Specifically, considering the days before 29 March 2019 –

* the UK Government must agree an extension with the 27 remaining EU governments next week, and they have to agree on that unanimously with the UK Government.

* then after securing an extension from the EU, the UK Government must then introduce new legislation to change the exit date and the statutory instrument to effect this must be passed before 29 March.

* this is the case even if the Withdrawal Agreement and Political Declaration is passed (on its third time of asking) – although this package would itself put in place a transition period.

I will issue a new Blog post when there is more information.

Events today 13th March (UK Brexit, Chancellor’s Statement)

Today a number of key events occurred as follows :

(1) (time limited, no deal) UK customs tariffs were published – a Commons Research Paper gives further details – here. [NB : this Blog does not focus on customs tariffs]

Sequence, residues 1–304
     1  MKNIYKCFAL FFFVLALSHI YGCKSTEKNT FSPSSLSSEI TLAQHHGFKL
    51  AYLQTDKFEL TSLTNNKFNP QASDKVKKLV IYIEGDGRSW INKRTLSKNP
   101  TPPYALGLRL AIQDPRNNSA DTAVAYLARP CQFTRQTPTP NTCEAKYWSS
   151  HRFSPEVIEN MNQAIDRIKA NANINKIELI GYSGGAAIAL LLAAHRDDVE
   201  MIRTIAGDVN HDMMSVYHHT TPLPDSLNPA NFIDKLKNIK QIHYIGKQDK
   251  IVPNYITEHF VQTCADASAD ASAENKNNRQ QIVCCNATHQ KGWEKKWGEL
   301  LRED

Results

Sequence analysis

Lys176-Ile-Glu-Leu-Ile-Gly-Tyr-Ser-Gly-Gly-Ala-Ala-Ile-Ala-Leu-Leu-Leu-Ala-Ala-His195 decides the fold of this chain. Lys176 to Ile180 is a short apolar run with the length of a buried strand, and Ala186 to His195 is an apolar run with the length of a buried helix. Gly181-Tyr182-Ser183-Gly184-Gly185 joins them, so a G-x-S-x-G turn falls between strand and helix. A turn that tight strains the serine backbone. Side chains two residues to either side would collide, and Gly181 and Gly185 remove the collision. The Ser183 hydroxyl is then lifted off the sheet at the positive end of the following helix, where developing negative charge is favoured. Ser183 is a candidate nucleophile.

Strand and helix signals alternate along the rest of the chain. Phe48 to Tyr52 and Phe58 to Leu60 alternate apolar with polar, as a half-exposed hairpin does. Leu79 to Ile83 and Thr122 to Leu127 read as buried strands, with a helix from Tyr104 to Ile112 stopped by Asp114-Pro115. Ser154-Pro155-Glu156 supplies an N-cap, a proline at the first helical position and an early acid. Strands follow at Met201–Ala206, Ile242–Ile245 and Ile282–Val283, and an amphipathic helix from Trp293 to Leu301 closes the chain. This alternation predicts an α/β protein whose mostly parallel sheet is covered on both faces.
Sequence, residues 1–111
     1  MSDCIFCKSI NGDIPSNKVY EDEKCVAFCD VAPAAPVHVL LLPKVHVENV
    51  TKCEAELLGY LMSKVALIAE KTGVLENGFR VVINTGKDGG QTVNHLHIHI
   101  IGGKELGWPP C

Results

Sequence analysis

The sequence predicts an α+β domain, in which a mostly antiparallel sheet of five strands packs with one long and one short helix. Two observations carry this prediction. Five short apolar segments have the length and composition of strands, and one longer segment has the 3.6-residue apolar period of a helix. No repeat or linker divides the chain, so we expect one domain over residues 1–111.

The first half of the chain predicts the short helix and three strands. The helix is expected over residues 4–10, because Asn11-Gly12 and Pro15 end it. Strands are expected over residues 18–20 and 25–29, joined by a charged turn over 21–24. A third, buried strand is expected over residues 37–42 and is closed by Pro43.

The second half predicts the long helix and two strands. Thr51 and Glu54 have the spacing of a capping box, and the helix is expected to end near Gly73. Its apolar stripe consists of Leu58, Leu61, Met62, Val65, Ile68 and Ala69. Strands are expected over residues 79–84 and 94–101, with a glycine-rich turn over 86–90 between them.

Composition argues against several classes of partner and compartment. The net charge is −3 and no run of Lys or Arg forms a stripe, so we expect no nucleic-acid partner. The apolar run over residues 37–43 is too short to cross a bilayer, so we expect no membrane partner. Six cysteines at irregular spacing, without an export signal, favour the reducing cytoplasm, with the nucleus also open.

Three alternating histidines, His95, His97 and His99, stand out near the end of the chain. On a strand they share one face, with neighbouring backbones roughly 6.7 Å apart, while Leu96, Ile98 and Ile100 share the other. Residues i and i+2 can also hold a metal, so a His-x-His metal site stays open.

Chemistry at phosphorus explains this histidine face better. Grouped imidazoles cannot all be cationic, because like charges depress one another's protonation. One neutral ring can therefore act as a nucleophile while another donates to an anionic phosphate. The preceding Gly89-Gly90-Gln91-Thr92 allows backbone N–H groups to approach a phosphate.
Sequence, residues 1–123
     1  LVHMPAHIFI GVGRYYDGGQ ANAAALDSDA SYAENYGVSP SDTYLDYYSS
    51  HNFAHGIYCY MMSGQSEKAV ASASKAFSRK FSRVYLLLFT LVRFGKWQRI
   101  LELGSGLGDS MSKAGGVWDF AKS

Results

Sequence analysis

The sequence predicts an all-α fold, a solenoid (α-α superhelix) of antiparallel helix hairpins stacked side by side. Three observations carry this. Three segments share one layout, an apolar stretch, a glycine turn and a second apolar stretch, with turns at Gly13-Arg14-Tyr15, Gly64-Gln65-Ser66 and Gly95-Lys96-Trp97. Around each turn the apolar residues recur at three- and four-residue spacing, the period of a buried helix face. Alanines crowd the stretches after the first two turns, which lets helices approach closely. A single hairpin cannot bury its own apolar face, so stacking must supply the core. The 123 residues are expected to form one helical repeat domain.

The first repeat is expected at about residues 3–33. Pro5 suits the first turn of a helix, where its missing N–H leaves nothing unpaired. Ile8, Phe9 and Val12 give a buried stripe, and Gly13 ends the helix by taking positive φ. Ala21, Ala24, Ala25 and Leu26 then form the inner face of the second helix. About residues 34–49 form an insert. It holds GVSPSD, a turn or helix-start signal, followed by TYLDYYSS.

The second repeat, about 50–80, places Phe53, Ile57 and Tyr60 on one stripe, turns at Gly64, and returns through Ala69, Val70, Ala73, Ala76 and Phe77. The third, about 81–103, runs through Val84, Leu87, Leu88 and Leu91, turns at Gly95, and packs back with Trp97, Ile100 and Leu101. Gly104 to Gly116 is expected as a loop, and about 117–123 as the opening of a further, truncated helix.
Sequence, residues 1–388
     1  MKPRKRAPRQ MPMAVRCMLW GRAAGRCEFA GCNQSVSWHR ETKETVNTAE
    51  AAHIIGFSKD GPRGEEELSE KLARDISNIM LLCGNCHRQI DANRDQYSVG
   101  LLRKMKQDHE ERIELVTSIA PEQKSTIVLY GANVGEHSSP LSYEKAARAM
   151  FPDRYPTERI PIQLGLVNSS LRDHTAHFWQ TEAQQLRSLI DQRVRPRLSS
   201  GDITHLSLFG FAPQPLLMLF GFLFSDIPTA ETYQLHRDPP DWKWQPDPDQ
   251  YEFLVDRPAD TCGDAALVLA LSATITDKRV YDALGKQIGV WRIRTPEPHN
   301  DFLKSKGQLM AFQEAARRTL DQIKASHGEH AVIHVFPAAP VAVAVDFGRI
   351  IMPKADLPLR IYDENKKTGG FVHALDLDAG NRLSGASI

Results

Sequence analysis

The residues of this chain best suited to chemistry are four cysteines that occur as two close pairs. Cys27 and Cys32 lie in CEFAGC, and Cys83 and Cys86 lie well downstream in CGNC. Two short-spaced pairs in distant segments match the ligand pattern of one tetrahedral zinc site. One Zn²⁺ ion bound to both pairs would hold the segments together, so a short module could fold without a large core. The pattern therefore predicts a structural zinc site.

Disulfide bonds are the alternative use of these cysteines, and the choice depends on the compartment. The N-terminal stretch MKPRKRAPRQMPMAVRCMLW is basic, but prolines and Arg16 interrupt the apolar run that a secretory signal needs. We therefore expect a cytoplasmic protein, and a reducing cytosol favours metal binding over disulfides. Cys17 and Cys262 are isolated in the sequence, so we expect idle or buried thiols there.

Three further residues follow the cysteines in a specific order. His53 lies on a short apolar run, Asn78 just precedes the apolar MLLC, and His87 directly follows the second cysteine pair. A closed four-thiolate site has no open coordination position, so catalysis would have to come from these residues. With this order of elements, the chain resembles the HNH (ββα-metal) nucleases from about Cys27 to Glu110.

(2) time limited (no deal) special arrangements for the international border on the island of Ireland were publishedhere.

* The UK government would not introduce any new checks or controls on goods at the land border between Ireland and Northern Ireland, including no customs requirements for nearly all goods.

* The UK temporary import tariff announced today would therefore not apply to goods crossing from Ireland into Northern Ireland.

* The UK government would only apply a small number of measures strictly necessary to comply with international legal obligations, protect the biosecurity of the island of Ireland, or to avoid the highest risks to Northern Ireland businesses – but these measures would not require checks at the border.

(3) the UK Chancellor announced :

* Consultation on a new business energy efficiency scheme for SMEshere.